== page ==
Trainor, C.R., Knuckey, C.G., and Firth, R.C.S. (2016). New bird records from the Fortescue Marsh and associated claypans, Pilbara bioregion, Western Australia. Australian Field Ornithologist 33: 61-81.
Arnold, S. & Williams, E. R. (2016) Quantification of the inevitable: The influence of soil macrofauna on soil water movement in rehabilitated open-cut mined lands. SOIL 2: 41-48.
Martin,T. E., Oteyza, J., Mitchell, A., Potticary, A. L. & Lloyd, P. (2015). Postnatal growth rates covary weakly with embryonic development rates and do not explain adult mortality probability among songbirds on four continents. American Naturalist 185: 380-389.
Trainor, C.R, Trainer, J. and Knuckey, C.G. (2015). A first inland record of Redshank Tringa sp. in the Pilbara bioregion, Western Australia. Stilt 67: 8-10.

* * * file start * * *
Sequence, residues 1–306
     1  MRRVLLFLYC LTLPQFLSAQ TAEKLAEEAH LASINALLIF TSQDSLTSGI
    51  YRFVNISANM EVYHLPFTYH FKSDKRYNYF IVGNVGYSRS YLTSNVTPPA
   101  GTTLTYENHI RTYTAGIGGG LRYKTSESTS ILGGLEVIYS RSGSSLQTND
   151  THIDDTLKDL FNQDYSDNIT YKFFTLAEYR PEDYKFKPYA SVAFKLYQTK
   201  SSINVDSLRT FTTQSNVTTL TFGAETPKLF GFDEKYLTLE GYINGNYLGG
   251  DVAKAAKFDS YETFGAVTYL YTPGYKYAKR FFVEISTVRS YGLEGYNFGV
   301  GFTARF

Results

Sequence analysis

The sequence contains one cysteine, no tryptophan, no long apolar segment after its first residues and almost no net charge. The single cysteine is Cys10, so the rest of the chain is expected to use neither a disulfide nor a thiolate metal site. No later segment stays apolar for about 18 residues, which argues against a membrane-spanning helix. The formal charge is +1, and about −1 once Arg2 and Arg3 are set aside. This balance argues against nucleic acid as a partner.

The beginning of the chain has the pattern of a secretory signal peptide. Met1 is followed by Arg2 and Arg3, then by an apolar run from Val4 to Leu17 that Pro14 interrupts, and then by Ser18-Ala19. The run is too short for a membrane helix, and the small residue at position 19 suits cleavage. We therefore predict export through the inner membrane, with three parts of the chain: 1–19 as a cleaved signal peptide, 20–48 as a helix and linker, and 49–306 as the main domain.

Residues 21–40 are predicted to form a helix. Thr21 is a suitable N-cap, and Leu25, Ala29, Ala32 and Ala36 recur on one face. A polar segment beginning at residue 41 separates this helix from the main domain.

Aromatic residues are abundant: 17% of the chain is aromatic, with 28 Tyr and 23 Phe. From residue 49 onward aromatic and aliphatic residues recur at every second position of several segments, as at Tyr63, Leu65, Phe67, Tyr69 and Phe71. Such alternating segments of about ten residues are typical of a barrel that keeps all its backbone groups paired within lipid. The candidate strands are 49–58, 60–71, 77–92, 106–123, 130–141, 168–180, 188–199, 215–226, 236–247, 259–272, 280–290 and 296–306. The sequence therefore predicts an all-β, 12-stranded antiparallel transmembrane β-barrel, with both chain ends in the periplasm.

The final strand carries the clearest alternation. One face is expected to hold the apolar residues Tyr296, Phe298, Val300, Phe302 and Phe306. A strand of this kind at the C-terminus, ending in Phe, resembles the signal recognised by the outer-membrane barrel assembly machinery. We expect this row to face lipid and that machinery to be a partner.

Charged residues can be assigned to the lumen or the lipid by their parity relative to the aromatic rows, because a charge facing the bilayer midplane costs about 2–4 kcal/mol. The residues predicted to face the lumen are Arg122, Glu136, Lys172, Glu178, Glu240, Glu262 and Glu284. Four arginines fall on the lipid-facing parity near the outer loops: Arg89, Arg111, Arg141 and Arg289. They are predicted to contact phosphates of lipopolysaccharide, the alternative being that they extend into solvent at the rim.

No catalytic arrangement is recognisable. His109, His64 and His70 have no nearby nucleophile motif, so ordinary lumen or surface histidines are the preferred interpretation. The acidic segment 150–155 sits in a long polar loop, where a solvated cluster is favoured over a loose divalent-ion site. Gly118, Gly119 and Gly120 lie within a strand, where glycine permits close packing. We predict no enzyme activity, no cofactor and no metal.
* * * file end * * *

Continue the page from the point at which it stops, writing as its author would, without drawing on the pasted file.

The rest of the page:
Searle, J. B., Prince, J. B., Stewart, D. & Lloyd, P. (2015). Breeding success of a subtropical Little Tern, Sternula albifrons sinensis, colony. Emu 116: 81–85.
Williams, E. R. & Thomson, B. G. (2015) Improving population estimates of Glossy Black-Cockatoos (Calyptorhynchus lathami) using photo-identification. Emu – Austral Ornithology 115: 360-367.
Johnstone, R. E., Hidayat, O,. Darnell, J. and Trainor, C. R. (2014) The avifauna of Semau, Lesser Sundas, Indonesia: taxonomy, conservation and ecology. The Western Australian Naturalist. 29(3): 162-221.
Lloyd, P., Abadi, F., Altwegg, R. & Martin, T. E. (2014). South temperate birds have higher apparent adult survival than tropical birds in Africa. Journal of Avian Biology 45: 493–500. doi: 10.1111/jav.00454.